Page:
• Hospital Anxiety and Depression Scale (HADS)
  • PSQIII: Depression
  • Charlston Comorbidity Index

Results

There were no differences between groups in study outcome results for quality of life, depression, or anxiety. There were no differences in hospitalizations or ED visits between groups.

Conclusions

Findings did not show that routine distress screening and provision of care based on screening had any effect.

Limitations

  • Risk of bias (no blinding)
  • Subject withdrawals ≥ 10%  
  • Other limitations/explanation: Use of referrals in both study groups is not discussed and results of distress screening are not provided.

Nursing Implications

This study did not show any significant differences in patient outcomes due to implementation of routine distress screening and associated supportive care referral.

Print

Galliford, M., Robinson, S., Bridge, P., & Carmichael, M. (2017). Salute to the sun: A new dawn in yoga therapy for breast cancer. Journal of Medical Radiation Sciences, 64, 232–238.

Purpose

STUDY PURPOSE: To synthesize published research to assess if yoga improves physical and psychosocial quality of life in patients receiving treatment for breast cancer.

TYPE OF STUDY: Systematic review

Search Strategy

DATABASES USED: Scopus, Medline, PubMed, Science Direct, Cochrane, ProQuest

YEARS INCLUDED: (Overall for all databases) January 2009 to July 2014

INCLUSION CRITERIA: Articles with a yoga or mindfulness-based stress reduction (MBSR) intervention that reported outcomes related to physical or psychosocial quality of life in patients with breast cancer; studies with 15 or more participants were included.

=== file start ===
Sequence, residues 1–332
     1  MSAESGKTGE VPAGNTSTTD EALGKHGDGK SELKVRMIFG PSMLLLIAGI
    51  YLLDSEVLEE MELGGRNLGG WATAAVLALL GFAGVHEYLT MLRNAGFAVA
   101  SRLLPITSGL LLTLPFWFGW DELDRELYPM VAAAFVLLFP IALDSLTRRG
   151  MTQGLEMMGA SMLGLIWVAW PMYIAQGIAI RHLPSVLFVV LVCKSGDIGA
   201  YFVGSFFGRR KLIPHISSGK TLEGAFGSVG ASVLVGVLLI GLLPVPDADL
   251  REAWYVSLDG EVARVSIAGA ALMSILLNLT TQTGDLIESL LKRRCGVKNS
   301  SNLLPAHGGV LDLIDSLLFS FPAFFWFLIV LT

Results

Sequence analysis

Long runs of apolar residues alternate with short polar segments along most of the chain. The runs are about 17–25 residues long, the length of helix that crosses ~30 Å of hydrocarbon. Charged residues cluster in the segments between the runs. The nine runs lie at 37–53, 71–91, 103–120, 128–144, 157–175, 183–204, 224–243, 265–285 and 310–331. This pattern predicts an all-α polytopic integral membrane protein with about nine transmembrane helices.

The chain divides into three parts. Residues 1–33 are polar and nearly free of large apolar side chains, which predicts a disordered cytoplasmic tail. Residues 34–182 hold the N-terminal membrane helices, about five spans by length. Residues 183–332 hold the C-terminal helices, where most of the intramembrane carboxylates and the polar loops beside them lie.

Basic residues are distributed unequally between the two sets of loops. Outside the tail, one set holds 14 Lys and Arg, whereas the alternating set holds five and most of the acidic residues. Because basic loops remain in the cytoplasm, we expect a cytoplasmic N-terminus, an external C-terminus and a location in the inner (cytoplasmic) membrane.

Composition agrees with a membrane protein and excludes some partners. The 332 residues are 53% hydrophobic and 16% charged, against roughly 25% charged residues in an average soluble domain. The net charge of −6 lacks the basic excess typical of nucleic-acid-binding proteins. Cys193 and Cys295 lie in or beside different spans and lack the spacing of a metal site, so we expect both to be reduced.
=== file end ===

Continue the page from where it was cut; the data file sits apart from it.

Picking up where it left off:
EXCLUSION CRITERIA: Articles that were duplicate, inaccessible, or with irrelevant records.

Literature Evaluated

TOTAL REFERENCES RETRIEVED: 395

EVALUATION METHOD AND COMMENTS ON LITERATURE USED: Blinded/duplicated two-stage screening approach to select appropriate articles; critical review and article scoring was independently done by two researchers

Sample Characteristics

FINAL NUMBER STUDIES INCLUDED: 38

TOTAL PATIENTS INCLUDED IN REVIEW: Not reported

SAMPLE RANGE ACROSS STUDIES: RCTs: 18 to 410; NRTs: 15 to 286; otherwise not noted 

KEY SAMPLE CHARACTERISTICS: RCTs: average age was 58.3 years; NRTs: average age was 50.3 years; all participants in all studies were women except for nine men included in one study; all studies look at patients with breast cancer though further details were not specified (exact phase/type of treatment, etc.)

Phase of Care and Clinical Applications

PHASE OF CARE: Not specified or not applicable; details about each study’s participants not specified

Results

As relevant to this PEP topic: 60% (3 of 5) studies that examined anxiety supported decreased general anxiety among patients who participated in yoga therapy. The other two large studies also showed less anxiety in this population, although it was divided into state and trait anxiety. A decrease in depression and depressive symptoms was reported in all of the studies reviewed that looked at psychosocial benefits related to yoga, which supports other meta-analyses stating that adding yoga therapy to traditional breast cancer treatment can decrease depression in these patients.

Conclusions